one of the four musicians (Dick Dunlap, Tom Lackner, Chris Symer, and Joe Woodard) reigns
supreme over any one tune, more willing to cede that role over to their ever-changing
roster of guest musicians.
Celebrating 15 years of adventurous genre bustin', Free Associations--a
title that suggests the numerous musical friends who turn up at this household's door, as
much as the improv style that courses through the tracks--is the Household's fourth album
and yet another smorgasbord of strange delights.
Headless Household has a way of making Santa Barbara appear to have a
happenin' avant-jazz scene, but that's only part of their plan. They can take vocalists
Glen Phillips and Marjorie Extract and recast them as country balladeers ("Honey, I'm
Home"), or turn Julie Christensen into a Seine-side chanteuse on the Michel Legrand
meets po-mo blender "The Eiffel Tower Made Easy." They give Jennifer Terran her
chance to front a swing band ("My Baby Left Brain"). Most of all, they can
disappear and make believe Headless Household is a brass-led quintet. Blowin' across the
entire album are contributions from trumpeters Tom Buckner, Nate Birkey, and Jeff Elliott
(who does a fair impression of Miles Davis circa Live/Evil on "Green Swipe
Pattern"), and saxmen Dave Binney and Buckner (again). There's also plenty of tasty
piano work from Theo Saunders.
Frith-meets-Frisell guitarist Joe Woodard's connection to this fair
paper is apparent--you've probably just read his column a page or two back--but who
would've thought our own Angry Poodle would guest star on her self-titled track? Sounding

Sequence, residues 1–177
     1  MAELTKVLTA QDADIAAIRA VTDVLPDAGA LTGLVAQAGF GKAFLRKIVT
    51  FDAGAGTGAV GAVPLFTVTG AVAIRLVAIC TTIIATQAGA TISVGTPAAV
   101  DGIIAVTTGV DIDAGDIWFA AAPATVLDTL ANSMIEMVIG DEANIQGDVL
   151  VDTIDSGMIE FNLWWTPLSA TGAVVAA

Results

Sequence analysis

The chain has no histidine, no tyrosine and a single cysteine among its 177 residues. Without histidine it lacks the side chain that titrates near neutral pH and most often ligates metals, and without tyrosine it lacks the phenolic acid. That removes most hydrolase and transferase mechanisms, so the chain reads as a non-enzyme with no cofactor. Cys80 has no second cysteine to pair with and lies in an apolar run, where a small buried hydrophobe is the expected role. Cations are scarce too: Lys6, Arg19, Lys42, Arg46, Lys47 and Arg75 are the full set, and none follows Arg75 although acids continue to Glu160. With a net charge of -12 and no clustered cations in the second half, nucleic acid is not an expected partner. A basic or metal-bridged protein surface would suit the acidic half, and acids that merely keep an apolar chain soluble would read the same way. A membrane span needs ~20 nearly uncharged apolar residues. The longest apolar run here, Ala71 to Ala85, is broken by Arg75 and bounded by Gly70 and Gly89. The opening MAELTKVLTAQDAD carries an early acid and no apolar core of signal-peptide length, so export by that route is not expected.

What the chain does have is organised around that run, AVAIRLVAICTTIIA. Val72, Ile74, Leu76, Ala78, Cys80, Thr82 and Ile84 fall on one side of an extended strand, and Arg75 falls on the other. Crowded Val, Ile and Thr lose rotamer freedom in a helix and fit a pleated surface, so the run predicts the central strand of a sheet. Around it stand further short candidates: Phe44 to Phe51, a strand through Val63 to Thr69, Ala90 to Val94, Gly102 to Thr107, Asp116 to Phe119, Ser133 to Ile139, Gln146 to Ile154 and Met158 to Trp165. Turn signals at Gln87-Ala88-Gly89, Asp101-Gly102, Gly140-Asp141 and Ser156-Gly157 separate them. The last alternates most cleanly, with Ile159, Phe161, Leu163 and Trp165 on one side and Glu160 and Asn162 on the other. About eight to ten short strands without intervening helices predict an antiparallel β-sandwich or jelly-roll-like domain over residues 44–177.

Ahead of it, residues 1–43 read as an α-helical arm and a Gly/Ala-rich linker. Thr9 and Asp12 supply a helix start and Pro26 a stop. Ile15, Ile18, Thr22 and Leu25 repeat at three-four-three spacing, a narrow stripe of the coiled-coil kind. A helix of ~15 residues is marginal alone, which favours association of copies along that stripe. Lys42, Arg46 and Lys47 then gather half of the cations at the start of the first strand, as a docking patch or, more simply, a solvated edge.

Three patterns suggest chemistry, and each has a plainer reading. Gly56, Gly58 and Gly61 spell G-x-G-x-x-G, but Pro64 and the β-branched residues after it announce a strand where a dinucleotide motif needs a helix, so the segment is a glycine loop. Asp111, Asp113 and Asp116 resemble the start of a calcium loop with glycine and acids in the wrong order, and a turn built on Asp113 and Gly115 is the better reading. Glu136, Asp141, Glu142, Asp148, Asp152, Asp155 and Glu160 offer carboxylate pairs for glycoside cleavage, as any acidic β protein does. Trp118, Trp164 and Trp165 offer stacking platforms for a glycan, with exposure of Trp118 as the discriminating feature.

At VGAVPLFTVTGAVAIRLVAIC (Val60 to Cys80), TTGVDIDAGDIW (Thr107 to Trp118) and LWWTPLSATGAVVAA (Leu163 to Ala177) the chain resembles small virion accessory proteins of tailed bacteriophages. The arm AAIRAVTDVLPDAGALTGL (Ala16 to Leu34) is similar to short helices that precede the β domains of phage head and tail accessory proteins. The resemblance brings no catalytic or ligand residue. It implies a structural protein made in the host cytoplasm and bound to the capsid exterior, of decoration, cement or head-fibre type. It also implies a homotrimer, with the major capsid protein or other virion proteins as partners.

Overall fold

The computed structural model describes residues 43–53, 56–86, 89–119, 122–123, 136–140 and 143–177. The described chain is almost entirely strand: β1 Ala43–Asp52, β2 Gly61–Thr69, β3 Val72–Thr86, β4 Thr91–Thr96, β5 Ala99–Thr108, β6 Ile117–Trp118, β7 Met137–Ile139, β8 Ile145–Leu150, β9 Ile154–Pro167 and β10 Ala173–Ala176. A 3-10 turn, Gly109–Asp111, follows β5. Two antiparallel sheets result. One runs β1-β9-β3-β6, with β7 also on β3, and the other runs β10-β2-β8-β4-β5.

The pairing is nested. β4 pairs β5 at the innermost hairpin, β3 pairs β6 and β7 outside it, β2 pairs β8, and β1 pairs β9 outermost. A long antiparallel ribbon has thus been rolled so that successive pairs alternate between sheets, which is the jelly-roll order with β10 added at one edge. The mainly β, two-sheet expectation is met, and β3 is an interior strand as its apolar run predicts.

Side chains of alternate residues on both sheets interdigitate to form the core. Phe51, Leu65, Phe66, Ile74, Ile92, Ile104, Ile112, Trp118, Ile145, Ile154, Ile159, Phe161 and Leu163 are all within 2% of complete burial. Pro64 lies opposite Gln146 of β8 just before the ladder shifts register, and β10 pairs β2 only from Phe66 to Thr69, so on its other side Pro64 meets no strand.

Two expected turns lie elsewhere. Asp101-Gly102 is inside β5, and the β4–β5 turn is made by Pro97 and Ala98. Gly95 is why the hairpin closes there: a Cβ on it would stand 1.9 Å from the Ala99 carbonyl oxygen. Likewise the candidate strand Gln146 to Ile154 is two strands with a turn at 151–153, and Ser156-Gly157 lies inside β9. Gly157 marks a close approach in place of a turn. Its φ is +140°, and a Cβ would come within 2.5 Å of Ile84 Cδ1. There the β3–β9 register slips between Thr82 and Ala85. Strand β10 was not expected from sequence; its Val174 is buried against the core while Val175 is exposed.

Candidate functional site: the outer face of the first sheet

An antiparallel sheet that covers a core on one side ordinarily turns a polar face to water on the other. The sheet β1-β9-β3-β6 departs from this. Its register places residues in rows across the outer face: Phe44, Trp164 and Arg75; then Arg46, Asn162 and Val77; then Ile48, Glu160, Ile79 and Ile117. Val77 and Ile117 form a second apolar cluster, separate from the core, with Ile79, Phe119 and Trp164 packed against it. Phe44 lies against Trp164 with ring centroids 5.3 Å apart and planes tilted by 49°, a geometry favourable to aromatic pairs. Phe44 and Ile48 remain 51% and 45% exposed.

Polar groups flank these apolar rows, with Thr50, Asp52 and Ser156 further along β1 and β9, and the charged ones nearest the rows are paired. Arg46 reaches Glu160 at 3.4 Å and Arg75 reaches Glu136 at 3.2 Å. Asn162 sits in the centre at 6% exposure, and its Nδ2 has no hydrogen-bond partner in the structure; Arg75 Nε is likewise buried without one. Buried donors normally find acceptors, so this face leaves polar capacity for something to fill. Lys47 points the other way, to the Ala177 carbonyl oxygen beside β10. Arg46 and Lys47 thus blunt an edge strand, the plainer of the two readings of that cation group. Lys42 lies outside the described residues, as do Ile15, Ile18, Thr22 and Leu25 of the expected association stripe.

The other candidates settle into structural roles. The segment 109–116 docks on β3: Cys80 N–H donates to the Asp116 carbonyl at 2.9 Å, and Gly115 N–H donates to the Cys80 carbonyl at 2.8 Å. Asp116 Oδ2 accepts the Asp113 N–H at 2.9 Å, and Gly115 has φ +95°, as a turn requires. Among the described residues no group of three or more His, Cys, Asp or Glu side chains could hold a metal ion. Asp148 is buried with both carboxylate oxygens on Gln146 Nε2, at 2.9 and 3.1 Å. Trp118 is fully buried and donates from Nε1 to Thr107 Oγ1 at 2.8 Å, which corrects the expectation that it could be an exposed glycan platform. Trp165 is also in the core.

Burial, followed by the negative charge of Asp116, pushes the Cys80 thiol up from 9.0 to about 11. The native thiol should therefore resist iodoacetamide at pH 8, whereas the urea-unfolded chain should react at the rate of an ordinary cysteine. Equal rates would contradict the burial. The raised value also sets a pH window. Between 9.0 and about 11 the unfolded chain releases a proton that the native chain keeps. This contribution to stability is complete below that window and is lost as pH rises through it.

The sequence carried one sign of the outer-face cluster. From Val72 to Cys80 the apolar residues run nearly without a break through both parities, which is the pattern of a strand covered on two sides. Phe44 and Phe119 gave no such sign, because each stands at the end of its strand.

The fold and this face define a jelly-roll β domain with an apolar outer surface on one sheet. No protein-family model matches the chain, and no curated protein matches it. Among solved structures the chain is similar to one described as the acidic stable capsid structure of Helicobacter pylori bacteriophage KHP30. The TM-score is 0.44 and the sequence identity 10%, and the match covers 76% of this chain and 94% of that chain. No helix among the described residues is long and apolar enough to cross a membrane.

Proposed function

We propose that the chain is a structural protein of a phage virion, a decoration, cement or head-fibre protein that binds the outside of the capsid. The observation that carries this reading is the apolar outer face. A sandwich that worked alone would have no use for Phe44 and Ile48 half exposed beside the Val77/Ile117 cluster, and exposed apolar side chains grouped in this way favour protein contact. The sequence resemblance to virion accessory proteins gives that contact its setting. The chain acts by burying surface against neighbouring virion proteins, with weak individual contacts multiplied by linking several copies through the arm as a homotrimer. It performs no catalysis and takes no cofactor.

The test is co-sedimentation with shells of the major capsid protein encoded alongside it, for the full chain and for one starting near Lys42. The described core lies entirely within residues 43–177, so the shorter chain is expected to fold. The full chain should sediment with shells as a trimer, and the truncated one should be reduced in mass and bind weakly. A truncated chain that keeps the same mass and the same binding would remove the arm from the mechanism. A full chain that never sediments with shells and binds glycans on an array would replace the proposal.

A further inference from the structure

like Laurie Anderson late for an appointment, guest vocalist Christensen reads a recent
Trixie tirade against anonymity while the band jitters away. They then segue into a
stomping Material-ish riff while Jeff Kaiser makes his trumpet yelp, tail between its
What holds this all together is the cerebral spirit of experiment, and
the rythmic backbone of Tom Lackner's drums and Chris Symer's bass. And while near the end
of many tracks the band may run off, or rather saunter away, in all directions, they
always find their way back home. Free Associations is an eclectic treat and a nicely
twisted snapshot of our local scene.
--Ted Mills, Santa Barbara Independent, 12-17-98
Fifteen Years Headless
Santa Barbara's finest crop of mixed milieu musicians--Headless
Household--is celebrating its 15-year anniversary with a show at the Center Stage Theater
this Monday, December 14 at 8 p.m. ($10, or $7 for students or seniors).
The band without a parent is also the (right-brain) child of all four
members, a truly democratic anarchy of competing ideas yet congruent concepts, working
together in a spirit of sophisticated freedom--an evolving musical proof of the
mathematical theory of chaos.
The sometimes jazz, art rock, cabaret, what-have-you band includes
Independent writer Josef Woodard--whose project is more "Fringe" than his own
column, and whose bandmates--pianist, synthesist, sample wizard Dick Dunlap, drummer and